When Jesus finished teaching, he left Galilee and went to the part of Judea that is east of the Jordan River. Large crowds followed him, and he healed their sick people.

Some Pharisees wanted to test Jesus. They came up to him and asked, “Is it right for a man to divorce his wife for just any reason?”

Jesus answered, “Don’t you know that in the beginning the Creator made a man and a woman? That’s why a man leaves his father and mother and gets married. He becomes like one person with his wife. Then they are no longer two people, but one. And no one should separate a couple that God has joined together.”

The Pharisees asked Jesus, “Why did Moses say that a man could write out divorce papers and send his wife away?”

Jesus replied, “You are so heartless! That’s why Moses allowed you to divorce your wife. But from the beginning God did not intend it to be that way. I say that if your wife has not committed some terrible sexual sin, you must not divorce her to marry someone else. If you do, you are unfaithful.”

The disciples said, “If that’s how it is between a man and a woman, it’s better not to get married.”

Jesus told them, “Only those people who have been given the gift of staying single can accept this teaching. Some people are unable to marry because of birth defects or because of what someone has done to their bodies. Others stay single in order to serve God better. Anyone who can accept this teaching should do so.” (Matthew 19:1-15)

Questions aren’t always what they seem. Why would some Pharisees quiz Jesus on whether it was right for a man to divorce his wife? There was much more to the question than just the legality of divorce. They wanted to know if divorce could be had for “any reason.” Jesus said “no,” that divorce should never happen, except maybe for adultery. He explained that God never intended for relationships to be irrevocably breached. To do so was counter to the whole concept of love and forgiveness.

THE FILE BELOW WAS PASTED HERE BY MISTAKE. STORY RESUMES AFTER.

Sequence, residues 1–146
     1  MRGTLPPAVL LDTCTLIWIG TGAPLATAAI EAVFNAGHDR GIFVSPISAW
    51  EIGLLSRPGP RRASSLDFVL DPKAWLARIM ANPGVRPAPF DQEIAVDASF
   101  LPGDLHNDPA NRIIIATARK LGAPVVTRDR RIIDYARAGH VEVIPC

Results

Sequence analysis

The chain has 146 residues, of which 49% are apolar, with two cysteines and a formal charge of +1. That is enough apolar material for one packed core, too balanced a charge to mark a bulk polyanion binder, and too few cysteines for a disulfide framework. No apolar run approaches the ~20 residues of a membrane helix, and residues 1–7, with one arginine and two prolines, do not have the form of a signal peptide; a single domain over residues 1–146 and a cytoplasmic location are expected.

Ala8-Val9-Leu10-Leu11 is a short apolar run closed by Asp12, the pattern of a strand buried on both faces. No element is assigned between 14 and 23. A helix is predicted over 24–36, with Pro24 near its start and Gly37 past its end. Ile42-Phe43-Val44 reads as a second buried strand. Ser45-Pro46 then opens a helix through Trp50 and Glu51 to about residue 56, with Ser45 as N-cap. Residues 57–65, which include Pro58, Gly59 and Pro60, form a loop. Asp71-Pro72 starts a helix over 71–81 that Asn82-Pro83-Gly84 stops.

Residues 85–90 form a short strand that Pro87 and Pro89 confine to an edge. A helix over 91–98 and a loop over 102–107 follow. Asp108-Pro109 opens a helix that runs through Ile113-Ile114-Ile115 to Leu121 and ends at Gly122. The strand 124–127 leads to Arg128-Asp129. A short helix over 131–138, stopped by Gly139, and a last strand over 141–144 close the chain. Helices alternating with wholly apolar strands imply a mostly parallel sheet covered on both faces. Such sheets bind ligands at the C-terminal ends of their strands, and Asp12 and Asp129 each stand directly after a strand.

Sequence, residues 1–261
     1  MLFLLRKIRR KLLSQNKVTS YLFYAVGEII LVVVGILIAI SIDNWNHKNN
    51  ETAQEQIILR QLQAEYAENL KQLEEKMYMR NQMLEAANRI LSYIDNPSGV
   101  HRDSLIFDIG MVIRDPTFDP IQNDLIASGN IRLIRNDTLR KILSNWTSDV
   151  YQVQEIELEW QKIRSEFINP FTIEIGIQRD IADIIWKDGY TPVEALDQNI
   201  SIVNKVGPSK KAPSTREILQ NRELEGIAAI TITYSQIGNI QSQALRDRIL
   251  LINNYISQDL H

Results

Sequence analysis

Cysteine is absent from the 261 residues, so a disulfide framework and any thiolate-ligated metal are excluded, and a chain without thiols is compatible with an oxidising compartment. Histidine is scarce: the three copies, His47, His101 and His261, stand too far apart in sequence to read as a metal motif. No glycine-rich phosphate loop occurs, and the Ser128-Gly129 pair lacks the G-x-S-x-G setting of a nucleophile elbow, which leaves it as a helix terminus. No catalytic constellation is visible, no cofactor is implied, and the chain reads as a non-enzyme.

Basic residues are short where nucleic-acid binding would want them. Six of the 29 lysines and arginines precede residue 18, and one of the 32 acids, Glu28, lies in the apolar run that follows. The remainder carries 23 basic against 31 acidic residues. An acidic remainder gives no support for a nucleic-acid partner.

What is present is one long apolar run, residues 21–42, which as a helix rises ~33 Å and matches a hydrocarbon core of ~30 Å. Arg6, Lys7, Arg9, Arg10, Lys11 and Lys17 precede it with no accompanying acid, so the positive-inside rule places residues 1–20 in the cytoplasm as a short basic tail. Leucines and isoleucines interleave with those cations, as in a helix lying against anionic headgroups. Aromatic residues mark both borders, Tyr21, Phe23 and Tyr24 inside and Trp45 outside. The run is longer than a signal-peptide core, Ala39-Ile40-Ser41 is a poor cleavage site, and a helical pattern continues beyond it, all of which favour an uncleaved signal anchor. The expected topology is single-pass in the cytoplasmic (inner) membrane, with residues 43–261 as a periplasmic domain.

The disciples were taken aback. They decided that not being married at all was better than being “stuck” with a bad wife.

And Jesus agreed with them. Whether celibacy was the consequence of circumstances beyond an individual’s control, or because that person choose to commit himself to God in that way, celibacy, Jesus explained, could be considered a gift from God. Certainly it was far preferable to a bad or unhappy marriage. Both marriage, and celibacy are gifts from God. They should never be lightly thrown aside.

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About R.P. Nettelhorst

I'm married with three daughters. I live in southern California and I'm the interim pastor at Quartz Hill Community Church. I have written several books. I spent a couple of summers while I was in college working on a kibbutz in Israel. In 2004, I was a volunteer with the Ansari X-Prize at the winning launches of SpaceShipOne. Member of Society of Biblical Literature, American Academy of Religion, and The Authors Guild
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